10 Amazing Strongman Feats of the Past
For centuries strongmen have been entertaining crowds by their demonstrations of strength. Many strongmen relied on unique acts that would set them apart from other strongmen and usually claimed they were the only one in the world to perform such a feat. This list includes 10 of the most amazing and unique acts performed by the strongmen of yesteryear.
Topham was born in London and was one of the most famous Strongmen of the 18th century possessing all around strength. Topham feats included bending thick pokers by striking them against his forearmand being able to lift 224 lbs. overhead easily with just his little fingers. His most famous act of strength occurred on May 28th 1741 when Topham lifted 3 barrels filled with water weighing 1386 lbs.
Interesting Fact: Topham’s feats are faithfully documented in Dr. John Theo Desagulaiers work called, “A course of Experimental Philosophy.”
Gasnier was born in France and was one of the first most influential of the old time circus strongmen and performed for Barnum and Bailey Circus. Gasnier could rip a deck of cards in half but his most famous feat was breaking a chain over his chest while expanding his ribcage.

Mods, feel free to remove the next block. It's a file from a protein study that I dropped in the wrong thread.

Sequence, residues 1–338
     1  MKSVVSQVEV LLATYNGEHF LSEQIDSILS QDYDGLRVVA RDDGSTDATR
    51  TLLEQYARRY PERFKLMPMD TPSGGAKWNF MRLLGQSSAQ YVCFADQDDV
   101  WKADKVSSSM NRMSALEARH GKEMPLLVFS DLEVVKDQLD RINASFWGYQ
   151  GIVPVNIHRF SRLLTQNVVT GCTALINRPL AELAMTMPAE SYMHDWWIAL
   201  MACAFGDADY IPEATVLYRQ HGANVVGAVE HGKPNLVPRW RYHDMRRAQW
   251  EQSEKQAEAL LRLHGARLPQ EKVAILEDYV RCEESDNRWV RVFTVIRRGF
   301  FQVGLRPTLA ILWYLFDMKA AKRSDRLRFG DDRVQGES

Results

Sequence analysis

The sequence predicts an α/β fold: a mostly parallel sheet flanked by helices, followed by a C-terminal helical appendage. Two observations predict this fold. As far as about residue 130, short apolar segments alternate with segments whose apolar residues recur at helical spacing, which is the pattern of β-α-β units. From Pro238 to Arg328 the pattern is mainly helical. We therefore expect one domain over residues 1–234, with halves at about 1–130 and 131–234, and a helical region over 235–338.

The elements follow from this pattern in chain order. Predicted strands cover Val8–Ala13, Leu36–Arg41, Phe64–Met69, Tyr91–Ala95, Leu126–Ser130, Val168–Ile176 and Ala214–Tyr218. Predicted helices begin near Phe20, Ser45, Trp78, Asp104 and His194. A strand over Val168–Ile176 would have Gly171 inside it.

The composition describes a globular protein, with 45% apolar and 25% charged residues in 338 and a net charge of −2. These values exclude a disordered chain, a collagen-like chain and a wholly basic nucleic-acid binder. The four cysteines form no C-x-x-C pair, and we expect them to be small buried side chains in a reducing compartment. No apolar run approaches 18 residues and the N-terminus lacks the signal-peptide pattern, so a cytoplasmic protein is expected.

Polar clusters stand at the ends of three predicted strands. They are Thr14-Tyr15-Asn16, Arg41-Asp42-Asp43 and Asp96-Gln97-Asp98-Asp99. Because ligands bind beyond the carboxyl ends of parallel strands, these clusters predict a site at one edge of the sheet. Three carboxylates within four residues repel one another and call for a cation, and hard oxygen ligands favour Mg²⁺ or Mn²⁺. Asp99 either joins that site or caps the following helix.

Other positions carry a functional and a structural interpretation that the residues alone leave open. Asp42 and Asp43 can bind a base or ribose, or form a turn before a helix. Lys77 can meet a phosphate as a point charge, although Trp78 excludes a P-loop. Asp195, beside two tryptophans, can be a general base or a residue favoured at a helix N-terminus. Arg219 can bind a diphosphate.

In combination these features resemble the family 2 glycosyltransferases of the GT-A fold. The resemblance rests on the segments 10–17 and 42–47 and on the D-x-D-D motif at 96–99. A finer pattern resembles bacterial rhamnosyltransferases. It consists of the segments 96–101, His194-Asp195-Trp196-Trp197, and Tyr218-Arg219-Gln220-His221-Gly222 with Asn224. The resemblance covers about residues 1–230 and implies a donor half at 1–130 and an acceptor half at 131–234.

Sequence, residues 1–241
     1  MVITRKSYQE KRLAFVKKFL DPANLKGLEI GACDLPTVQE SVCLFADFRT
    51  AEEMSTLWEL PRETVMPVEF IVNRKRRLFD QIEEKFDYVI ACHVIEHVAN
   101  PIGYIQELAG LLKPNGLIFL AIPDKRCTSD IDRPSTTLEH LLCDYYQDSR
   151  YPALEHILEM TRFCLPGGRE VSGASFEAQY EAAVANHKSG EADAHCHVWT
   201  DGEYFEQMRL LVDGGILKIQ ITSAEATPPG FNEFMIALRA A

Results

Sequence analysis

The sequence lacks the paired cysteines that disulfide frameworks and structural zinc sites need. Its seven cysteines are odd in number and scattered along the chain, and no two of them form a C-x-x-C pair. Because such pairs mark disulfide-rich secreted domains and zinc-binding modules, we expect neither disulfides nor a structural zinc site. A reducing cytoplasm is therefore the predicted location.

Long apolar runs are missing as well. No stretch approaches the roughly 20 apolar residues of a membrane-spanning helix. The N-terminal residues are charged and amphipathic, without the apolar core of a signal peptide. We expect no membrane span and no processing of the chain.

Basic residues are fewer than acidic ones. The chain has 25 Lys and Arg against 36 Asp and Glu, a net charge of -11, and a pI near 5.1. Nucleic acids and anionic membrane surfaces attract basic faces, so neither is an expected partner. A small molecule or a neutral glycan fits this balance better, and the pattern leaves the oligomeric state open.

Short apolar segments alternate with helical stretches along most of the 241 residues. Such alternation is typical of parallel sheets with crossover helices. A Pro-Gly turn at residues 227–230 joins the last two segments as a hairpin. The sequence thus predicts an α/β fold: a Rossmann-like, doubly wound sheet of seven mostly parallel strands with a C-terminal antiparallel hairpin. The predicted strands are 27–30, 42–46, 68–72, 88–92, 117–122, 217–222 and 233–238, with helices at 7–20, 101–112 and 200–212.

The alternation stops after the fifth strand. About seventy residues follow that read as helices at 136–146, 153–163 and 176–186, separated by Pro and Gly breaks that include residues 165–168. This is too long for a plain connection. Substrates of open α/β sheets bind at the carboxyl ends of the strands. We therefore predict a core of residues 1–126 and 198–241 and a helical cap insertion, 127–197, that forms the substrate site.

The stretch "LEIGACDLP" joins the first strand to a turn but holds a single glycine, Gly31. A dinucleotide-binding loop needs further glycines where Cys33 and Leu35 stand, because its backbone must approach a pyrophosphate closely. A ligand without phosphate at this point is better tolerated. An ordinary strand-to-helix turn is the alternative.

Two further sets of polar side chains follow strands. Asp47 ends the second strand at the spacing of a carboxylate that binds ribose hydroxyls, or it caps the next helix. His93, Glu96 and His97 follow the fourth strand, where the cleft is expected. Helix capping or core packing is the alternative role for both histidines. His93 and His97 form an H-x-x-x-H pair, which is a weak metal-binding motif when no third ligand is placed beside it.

Interesting Fact: Gasnier stood only 5’ 3 tall and weighed just 143.5lbs and was able to lift a dumbbell weighing 260 lbs over has head. A feat that many strongmen twice his size could not do.
Arthur Saxon was a strongman and circus performer from the late 19th century into the early 20th century. Saxon made his name famous by a lift called the “bent press”. This is a type of weight training exercise where a weight is brought from shoulder-level to overhead one-handed using the muscles of the back, legs, and arm with which he set a world record of 370 lbs. Eventually Saxons’s two brothers, Kurt and Hermann Henning joined the group as well, forming the “Saxon Trio,” The Trio performed with circuses all over Europe.
Interesting Fact: During his performances Saxon would claim the act could not be repeated even by the famous Muscleman Eugen Sandow (see # 3) and would open the stage for anyone who would want to attempt it. Unbeknownst to Saxon, in 1898, Sandow was in the audience and accepted the challenge. Initially, Sandow was unable to replicate the lift but then eventually was able to do it. Sandow took the Saxon Trio to court and won the case with the Judge ruling that he had handled the bell in exactly the same way as Saxon which debunked Saxon’s claim that Sandow failed the lift.
MacAskill was born on the Isle of Berneray in the Sound of Harris, Scotland and emigrated to Nova Scotia . MacAskill was known as the world’s largest “true” giant, (no growth abnormalities). By the time he was 20 he was 7 ft 4 in (223 cm), eventually reaching 7 ft 10 in (236 cm) and weighed 580 pounds. In 1849 he entered show business and went to work for P.T. Barnum’s circus appearing next to General Tom Thumb. MacAskill most famous feat was lifting a ship’s anchor weighing 2800 lb. to his chest . He also had the ability to carry barrels weighing over 300 lbs. apiece under each arm.